Commercial Insurance Policy In Texas And Insurance Company Duty

The Supreme Court of Texas issued an opinion on a case on December 11, 2009, that will make insurance companies who have issued commercial policies, to take a second look before denying a claim in certain situations.
The case involved here is titled, D.R. Horton-Texas, LTD. v. Markel International Insurance Company, LTD. This case came out of the Texas Court of Appeals in Houston. It could have been a case arising out of the Dallas or Fort Worth or surrounding areas like Arlington, Grand Praire, or Irving.
In this case, a couple, the Holmes, purchased a home from the builder, D.R. Horton-Texas, LTD. Defects in construction were discovered and as a result of these defects, mold had infested the home. The Holmes sued Horton, saying Horton was responsible for the problems Holmes was experiencing. It appeared ,a sub-contractor, Ramirez, was the person who caused the problems. Ramirez had an insurance policy from Markel International Insurance Company, LTD. Horton sought coverage from Markel, based on the Ramirez policy wherein Horton was an additional insured. Markel refused to get involved and Horton eventually settled the case, then sought reimbursement of defense costs and the settlement payment from Horton, the result of which was this lawsuit.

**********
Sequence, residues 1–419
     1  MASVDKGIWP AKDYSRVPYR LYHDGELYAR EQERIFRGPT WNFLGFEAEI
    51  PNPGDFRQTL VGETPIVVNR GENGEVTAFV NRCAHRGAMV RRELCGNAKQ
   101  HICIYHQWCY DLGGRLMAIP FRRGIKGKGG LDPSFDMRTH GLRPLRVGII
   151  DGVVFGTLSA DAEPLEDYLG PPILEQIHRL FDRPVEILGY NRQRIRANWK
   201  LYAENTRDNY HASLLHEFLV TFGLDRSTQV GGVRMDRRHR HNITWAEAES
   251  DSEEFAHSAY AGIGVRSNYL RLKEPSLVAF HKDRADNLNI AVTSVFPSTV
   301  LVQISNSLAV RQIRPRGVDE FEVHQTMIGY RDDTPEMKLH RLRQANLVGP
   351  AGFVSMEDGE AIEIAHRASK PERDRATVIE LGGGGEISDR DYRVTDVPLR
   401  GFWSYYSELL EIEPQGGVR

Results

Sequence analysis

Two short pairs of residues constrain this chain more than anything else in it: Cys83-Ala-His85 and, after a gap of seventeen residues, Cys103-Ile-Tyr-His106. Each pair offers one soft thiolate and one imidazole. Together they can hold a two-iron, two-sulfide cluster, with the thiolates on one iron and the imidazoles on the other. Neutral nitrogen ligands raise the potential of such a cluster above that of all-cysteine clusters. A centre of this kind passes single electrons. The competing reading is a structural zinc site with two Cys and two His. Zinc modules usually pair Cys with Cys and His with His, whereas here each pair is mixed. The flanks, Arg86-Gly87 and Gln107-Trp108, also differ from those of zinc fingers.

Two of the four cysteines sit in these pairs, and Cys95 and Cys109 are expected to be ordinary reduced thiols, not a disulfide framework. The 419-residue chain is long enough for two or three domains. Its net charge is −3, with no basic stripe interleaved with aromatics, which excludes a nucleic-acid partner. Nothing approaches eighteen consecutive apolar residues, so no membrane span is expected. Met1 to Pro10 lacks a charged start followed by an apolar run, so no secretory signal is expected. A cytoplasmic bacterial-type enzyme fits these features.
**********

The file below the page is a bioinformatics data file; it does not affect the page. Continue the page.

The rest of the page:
Well established law in Texas is as follows: In liability insurance policies generally, an insurer assumes both the duty to indemnify the insured, that is, to pay all covered claims and judgments against an insured, and the duty to defend any lawsuit brought against the insured that alleges and seeks damages for an event “potentially” covered by the policy, even if groundless, false or fraudulent. However, the duty to defend and the duty to indemnify are distinct and separate duties. In other words, one duty may exist without the other and the duties enjoy a degree of independence from each other.
It is well settled in Texas law that facts established in a lawsuit control the duty to indemnify. The duty to defend in a lawsuit, however, is established according to the eight-corners doctrine. This is looking at the four-corners of the insurance contract and the four-corners of the lawsuit pleadings.
The Court in this case ruled that the lawsuit pleadings may not have invoked a duty of the insurance company to defend the lawsuit but the reality that the Markel policy covering Ramirez named Horton as an additional insured brought up the issue that Markel may have had a responsibility to indemnity Horton.